Sammy has his head in a box of wires, switches and assorted electronic gadgetry. “Let’s have a go,” says Dan, his new mentor. “Let’s see if we can get that to work. If we can, and the meter does reverse, then we’ve solved the problem. Let’s use this diagram and have a bash at wiring that up. Start with the battery first.”
I’ve been particularly looking forward to talking with Laura. As well as lots of other roles she is a photographer and saw the Neighbourhood Challenge as an opportunity to extend her knowledge, engage other local people and ultimately create a viable business from her passion. So we have lots in common. Mara kindly brings my bowl of leek and potato soup to our table as we begin to chat.
The plan for her project, which Laura called Photo Links, was to recruit a group of local photographers, from complete newcomers to seasoned amateurs, and inspire them to take pictures of the people of Brixham. “I wanted to say to them, look, this is your town too. Let’s take pictures of the people in this town and remind ourselves that these portraits, these faces, are all part of our community.”
Laura shows me some of her own portraits, people in the street, some she has known (because this is Brixham) and some she hasn’t. They are strong face-to-camera shots, full of personality. “For me it’s about capturing something in each of them, a look, something that says, for a moment at least, you’ve had a brief relationship with the subject. That’s how I take my photographs. I don’t like most of the portraits I take but then there might be one where I like the look in somebody’s eyes. That’s what’s important to me.”
There’s another element to Laura’s ambition: a ‘community arts project’ angle where she sees photography as a means of diverting the town’s youth from less productive activities. She is the first this week to talk to me about Brixham’s drug and alcohol problem, a consequence, as in so many other places, of poverty and boredom. If, says Laura, she could just encourage one or two young people who weren’t already involved with YES and who might be at a crossroads, then she might make a difference. “If just one person could find a hobby rather than going down a destructive road then it would be worth it,” she says.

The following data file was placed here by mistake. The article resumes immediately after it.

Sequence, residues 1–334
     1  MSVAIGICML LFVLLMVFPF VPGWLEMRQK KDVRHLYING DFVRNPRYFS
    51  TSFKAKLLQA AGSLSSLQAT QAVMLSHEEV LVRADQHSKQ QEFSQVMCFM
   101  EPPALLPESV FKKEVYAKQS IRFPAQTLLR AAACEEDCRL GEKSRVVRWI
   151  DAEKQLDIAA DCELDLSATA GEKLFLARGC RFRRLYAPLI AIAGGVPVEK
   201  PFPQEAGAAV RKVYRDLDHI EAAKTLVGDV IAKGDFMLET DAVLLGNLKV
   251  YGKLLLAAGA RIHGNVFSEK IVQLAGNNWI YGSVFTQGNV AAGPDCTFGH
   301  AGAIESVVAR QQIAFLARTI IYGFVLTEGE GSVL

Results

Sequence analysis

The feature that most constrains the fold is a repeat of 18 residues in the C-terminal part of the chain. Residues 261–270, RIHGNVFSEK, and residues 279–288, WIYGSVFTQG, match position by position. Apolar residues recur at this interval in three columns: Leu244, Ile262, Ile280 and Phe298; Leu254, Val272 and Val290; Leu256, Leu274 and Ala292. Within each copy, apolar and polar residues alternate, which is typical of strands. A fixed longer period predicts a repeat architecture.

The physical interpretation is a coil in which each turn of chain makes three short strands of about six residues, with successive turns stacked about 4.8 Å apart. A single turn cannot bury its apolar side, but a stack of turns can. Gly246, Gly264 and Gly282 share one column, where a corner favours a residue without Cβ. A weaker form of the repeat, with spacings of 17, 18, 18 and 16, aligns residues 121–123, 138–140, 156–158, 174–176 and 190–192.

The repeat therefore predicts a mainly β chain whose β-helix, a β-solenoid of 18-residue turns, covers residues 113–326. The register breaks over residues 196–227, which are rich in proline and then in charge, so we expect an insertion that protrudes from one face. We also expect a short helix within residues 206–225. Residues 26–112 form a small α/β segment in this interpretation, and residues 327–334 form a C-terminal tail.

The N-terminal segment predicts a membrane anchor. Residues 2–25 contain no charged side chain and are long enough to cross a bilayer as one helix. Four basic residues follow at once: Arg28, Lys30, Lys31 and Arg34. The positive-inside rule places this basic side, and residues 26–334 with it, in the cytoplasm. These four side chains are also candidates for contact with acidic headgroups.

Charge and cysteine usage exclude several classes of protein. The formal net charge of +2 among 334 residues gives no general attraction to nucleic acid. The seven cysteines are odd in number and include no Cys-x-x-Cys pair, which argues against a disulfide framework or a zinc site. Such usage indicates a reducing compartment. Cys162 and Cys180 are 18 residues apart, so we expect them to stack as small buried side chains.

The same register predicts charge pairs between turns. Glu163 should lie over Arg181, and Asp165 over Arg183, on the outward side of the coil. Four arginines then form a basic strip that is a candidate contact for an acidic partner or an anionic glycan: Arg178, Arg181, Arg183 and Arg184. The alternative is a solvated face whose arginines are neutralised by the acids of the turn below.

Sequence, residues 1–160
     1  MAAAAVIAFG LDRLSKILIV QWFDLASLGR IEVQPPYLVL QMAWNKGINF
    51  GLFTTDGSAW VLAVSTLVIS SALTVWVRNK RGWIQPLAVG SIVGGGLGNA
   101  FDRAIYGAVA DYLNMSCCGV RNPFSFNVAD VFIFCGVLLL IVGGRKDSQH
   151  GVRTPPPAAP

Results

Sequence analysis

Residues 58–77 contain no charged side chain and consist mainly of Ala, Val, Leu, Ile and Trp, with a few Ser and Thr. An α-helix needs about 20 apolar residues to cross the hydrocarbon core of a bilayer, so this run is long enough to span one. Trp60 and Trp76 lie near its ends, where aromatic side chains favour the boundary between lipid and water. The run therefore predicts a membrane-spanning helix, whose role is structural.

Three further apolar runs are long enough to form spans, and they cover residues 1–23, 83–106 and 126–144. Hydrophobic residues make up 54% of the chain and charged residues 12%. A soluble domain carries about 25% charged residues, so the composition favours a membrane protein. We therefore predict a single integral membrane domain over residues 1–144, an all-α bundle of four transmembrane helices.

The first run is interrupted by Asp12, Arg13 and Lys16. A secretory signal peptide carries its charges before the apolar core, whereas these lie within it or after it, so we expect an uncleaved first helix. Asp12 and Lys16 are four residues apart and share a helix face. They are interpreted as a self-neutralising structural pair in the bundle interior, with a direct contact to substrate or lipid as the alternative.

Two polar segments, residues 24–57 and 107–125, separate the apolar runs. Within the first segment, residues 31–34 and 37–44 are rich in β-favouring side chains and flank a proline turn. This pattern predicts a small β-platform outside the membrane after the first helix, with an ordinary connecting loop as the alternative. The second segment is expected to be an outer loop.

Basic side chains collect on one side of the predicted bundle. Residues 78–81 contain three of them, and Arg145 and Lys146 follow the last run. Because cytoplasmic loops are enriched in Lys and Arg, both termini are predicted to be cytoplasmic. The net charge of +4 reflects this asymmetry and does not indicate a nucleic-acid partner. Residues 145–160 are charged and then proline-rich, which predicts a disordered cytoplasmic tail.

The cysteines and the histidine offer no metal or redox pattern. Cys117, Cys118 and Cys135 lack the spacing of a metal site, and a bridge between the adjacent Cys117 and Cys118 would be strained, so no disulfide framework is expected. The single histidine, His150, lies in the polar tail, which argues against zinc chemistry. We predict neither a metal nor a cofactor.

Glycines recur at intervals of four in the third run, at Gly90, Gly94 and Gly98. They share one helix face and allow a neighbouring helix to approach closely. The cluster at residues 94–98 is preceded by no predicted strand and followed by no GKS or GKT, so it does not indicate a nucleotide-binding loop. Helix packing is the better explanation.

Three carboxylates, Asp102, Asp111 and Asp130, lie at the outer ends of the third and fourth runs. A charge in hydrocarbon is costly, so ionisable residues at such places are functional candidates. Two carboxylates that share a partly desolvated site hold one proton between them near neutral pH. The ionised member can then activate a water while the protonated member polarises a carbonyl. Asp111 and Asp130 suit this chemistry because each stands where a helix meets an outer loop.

To kick start Photo Links she organised an introductory event at The Edge which she advertised with flyers and posters around town. Someone from the local camera shop was invited as well as a photography tutor from South Devon College.
“How did it go?” I ask, having finished my soup, “how many people came?”
“I put nibbles on the table,” says Laura, “and I’d prepared a PowerPoint presentation… the first I’d ever done. Nineteen people showed up, from an 87-year-old man to a couple of girls still at primary school.”
“Also three teenage boys I’d talked to outside Tesco. I was so pleased. But one young man, perhaps in his early twenties, who I’d told about the project and who had promised to come, didn’t.
“I showed some work, talked about my idea and invited people to get involved. I offered tuition to those who wanted it and the shop offered the free loan of cameras which was a big bonus.”
In the weeks that followed the group began taking pictures around Brixham. The young girls, inspired by Laura’s images, began shooting street portraits; others were less adventurous, sticking to pictures of their friends and family. Laura accompanied some of the participants and gave advice but the three teenage boys were less than cooperative.
“They weren’t allowed to loan cameras on their own, and they didn’t want me hanging around with them, I just wasn’t cool enough! They have expressed an interest in making a film about the local skate park but that’s as far as we’ve got really.”
Read the second part of Laura’s story in Small victories.